Edward asks a question about extending formulas with the keyboard. By extending formulas, I’m referring to copying a formula down a column as far as there is data in another column. Here’s how I do it:

- First, enter the formula and copy it
- Select A2
- Hold down Shift, and press End, then press the Down Arrow
- Hold down Shift and press the Right Arrow
- Press the Tab key to make the ActiveCell B2
- Hold down Shift and press the Right Arrow
- Hold down Control and press V

Edward thinks there’s an easier way, but can’t quite remember it. It seems that if the ActiveCell is in Column B when you press Shift+End+Down, that you go all the way to the last row of the worksheet. I’ve always done it this way, where column A is active. If you know of a simpler way, post is it as a comment.

If you want to use the mouse, you can double click on the fill handle to get the same results. The mouse sure is easier for this operation.

After entering your formula in B1, simply “right doubleclick”. The formula will copy to the end of data in Col. A. Regards, John

ooops…”left doubleclick” the handle.

1. Enter formula and copy it

2. Press the Left arrow (to go to A1), then Control + Down to go to the last cell

3. Press the Right arrow

4. Press Control + Shift + Up

5. Press Control + V

that’s the way I do it.

Years ago, on the Macintosh version of Excel, there was a way to shift the active selection to the left or right by using the keyboard. Does anyone know if this can still be done?

(i.e., the selection is one column by 5 rows. Pressing Cmd-Tab would move the selection over one column, but the selection would still be one column by 5 rows.)

I always found it useful, but I have not seen it in years…

A. Enter formula in B1 in example

B. then follow 2,3,4 of Juan’s Comment

2. Press the Left arrow (to go to A1), then Control + Down to go to the last cell

3. Press the Right arrow

4. Press Control + Shift + Up

C. Then Press Control + D for fill down

1. Select B1. key and arrow down until you arrive at B7 (page down with larger selections)..

2. Hold down the

3. Press F2.

4. Press

I’m a big fan of for filling in cells.

Oops. Let’s try that again.

1. Select B1.

2. Hold down the Shift key and arrow down until you arrive at B7 (page down with larger selections).

3. Press F2.

4. Press Ctrl + Enter.

I’m a big fan of Ctrl + Enter for filling in cells.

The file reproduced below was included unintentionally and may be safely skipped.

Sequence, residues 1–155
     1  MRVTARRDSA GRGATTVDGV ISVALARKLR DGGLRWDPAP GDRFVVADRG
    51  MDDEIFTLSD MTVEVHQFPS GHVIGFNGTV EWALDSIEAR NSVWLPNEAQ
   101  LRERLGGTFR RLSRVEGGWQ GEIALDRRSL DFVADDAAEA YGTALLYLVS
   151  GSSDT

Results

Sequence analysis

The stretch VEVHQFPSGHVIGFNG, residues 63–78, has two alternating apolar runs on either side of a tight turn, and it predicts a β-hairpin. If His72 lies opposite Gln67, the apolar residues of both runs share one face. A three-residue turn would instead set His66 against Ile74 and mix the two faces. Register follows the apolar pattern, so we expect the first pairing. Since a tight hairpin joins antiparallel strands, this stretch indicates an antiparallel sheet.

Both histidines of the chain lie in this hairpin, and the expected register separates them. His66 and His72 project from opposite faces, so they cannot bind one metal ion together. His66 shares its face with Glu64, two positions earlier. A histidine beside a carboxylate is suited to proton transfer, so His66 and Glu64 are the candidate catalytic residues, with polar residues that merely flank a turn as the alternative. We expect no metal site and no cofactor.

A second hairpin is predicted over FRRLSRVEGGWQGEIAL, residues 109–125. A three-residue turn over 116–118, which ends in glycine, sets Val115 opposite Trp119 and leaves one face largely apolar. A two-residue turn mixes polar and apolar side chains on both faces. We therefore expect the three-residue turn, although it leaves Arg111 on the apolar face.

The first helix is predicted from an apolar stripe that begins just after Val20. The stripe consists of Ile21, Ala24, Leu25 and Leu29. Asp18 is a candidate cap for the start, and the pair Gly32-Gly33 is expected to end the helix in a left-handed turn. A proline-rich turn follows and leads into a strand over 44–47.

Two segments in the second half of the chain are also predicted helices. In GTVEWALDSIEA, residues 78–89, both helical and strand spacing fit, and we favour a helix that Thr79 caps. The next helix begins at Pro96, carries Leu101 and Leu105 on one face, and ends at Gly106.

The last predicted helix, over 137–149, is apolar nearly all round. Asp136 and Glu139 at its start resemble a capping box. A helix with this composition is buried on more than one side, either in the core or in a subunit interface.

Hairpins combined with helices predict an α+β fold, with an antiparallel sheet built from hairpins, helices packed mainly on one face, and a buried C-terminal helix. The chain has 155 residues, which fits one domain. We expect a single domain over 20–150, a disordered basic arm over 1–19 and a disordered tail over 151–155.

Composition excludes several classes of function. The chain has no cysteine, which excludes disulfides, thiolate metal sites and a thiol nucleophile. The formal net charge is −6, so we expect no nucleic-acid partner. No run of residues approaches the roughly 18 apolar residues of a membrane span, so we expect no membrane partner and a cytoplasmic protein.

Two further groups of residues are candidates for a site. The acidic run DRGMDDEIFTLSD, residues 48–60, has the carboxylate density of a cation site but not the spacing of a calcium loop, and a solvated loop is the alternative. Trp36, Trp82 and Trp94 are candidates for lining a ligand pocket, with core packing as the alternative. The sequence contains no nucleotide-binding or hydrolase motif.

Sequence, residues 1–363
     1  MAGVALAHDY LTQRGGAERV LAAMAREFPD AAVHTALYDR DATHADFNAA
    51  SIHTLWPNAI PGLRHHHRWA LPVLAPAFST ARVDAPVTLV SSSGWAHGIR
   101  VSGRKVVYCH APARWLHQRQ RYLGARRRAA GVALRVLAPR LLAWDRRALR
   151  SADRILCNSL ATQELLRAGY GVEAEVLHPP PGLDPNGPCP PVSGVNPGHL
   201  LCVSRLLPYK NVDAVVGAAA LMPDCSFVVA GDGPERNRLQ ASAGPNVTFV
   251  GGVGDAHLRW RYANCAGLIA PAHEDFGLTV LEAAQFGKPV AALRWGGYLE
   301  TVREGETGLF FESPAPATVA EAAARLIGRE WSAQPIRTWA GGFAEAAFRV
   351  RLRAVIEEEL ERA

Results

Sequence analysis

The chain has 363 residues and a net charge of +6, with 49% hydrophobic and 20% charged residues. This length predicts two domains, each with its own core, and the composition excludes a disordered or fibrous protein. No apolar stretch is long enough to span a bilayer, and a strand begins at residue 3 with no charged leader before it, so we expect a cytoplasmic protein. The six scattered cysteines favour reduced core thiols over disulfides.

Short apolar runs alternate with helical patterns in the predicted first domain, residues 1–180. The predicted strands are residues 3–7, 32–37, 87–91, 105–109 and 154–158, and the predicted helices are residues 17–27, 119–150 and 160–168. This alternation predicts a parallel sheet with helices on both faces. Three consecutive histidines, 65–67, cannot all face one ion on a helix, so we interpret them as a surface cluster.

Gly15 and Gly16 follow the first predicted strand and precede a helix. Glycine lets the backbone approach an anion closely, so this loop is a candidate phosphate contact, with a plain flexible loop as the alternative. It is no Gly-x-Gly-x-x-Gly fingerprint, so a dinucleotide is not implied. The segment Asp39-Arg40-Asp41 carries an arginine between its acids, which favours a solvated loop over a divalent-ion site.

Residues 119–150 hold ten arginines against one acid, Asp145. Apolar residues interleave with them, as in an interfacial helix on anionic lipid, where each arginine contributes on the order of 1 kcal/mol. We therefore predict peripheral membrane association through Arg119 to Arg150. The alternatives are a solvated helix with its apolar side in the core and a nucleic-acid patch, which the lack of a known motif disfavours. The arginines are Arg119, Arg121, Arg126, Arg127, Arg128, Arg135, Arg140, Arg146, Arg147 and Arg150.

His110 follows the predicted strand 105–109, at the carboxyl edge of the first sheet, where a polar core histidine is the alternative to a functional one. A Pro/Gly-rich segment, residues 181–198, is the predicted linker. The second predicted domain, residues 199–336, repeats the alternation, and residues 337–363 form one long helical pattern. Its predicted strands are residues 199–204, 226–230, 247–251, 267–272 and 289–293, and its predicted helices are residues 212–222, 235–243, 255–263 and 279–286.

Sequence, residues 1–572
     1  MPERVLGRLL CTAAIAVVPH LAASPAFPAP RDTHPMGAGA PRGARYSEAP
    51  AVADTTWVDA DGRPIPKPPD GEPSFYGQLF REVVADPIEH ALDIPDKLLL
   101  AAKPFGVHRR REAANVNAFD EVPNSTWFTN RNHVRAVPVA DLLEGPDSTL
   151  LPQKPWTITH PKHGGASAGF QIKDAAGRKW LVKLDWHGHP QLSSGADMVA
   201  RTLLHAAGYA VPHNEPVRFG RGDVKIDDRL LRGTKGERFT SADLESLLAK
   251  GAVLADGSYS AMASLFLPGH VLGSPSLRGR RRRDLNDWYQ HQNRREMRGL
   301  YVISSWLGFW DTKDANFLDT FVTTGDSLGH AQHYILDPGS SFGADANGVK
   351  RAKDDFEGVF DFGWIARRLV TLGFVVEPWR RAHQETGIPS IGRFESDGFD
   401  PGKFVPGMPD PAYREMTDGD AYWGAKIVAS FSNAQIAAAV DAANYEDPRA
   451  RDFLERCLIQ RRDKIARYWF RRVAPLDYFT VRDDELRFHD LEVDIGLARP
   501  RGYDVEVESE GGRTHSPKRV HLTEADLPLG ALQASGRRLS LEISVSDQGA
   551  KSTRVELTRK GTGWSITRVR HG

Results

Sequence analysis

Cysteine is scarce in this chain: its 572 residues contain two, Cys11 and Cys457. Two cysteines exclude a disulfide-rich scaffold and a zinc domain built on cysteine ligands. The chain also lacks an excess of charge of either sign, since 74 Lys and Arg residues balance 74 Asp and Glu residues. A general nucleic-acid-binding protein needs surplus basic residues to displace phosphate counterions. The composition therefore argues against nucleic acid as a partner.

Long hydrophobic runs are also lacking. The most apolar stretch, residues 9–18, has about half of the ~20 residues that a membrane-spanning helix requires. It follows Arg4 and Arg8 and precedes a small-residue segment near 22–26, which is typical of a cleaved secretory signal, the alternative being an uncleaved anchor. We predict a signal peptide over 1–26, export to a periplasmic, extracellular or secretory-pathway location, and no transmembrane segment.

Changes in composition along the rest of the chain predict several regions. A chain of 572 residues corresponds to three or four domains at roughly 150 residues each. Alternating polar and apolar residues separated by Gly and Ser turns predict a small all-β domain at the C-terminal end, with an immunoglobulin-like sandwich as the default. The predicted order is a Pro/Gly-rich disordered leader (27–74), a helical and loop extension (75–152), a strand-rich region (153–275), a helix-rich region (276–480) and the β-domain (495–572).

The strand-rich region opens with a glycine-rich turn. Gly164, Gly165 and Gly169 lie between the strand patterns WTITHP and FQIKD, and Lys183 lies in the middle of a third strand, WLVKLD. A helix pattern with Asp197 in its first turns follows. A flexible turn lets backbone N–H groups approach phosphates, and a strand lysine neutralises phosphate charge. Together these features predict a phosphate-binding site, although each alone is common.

For years I have been doing this the same way Juan Pablo does, but I was fiddling and found this:

1. In B1, Ctrl+C to copy.

2. Ctrl+Shift+End to select to end of column.

3. Ctrl+V to paste.

Neat! I am a keyboard-oriented user, so any new shortcuts make me happy!

Select A1

Ctrl+Shift+Down to select the data

Alt+Right arrow to ‘hop’ the selection right, (mapped to a macro that executes Selection.Offset(0,1).Select)

Ctrl + D

You win Dianne. That’s nice.

Dianne, Dick,

I find this really only works well on a ‘clean’ worksheet. Ctrl + Shift + end will select to the end of the used range – which may cause problems if there is (or was) anything below or right of the data you’re filling.

With ‘Transition navigation keys’ turned on (in Tools > Options > Transition): select B1, hold down the shift key and press Left, End, Down, Right, then Ctrl+D to fill down the formula.

Charlie,

Thanks for the info. I knew it was too good to be true!

by the way, I was trying out Dianne’s tip and discovered that Ctrl+Alt+Tab adds left-indentation to a cell.

Minimizing the number of different vulcan neckgrips you need to execute and assuming the formula you want is already in B1 with a column of data starting in A1, copy the formula (Cntrl-C), then hold down shift and execute this dance:

Left, Ctrl-down, right (note all these have a common hold on shift)

You have selected the adjacent row. You may now paste. I find this is pretty easy to groove.

Alchemyst – can you check this again with the example Dick first presented? If column B is empty, the select drops all the way to the 65536 because the activecell in the selection is still B1 and thus Excel will look in column B for the start/end of a data block.